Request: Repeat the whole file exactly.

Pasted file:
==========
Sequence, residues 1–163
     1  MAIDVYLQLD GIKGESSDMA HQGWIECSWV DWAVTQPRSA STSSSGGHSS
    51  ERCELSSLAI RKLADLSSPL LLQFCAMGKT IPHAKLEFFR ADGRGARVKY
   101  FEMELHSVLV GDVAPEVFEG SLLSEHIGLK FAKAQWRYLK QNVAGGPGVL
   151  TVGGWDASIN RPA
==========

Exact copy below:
Sequence, residues 1–163
     1  MAIDVYLQLD GIKGESSDMA HQGWIECSWV DWAVTQPRSA STSSSGGHSS
    51  ERCELSSLAI RKLADLSSPL LLQFCAMGKT IPHAKLEFFR ADGRGARVKY
   101  FEMELHSVLV GDVAPEVFEG SLLSEHIGLK FAKAQWRYLK QNVAGGPGVL
   151  TVGGWDASIN RPA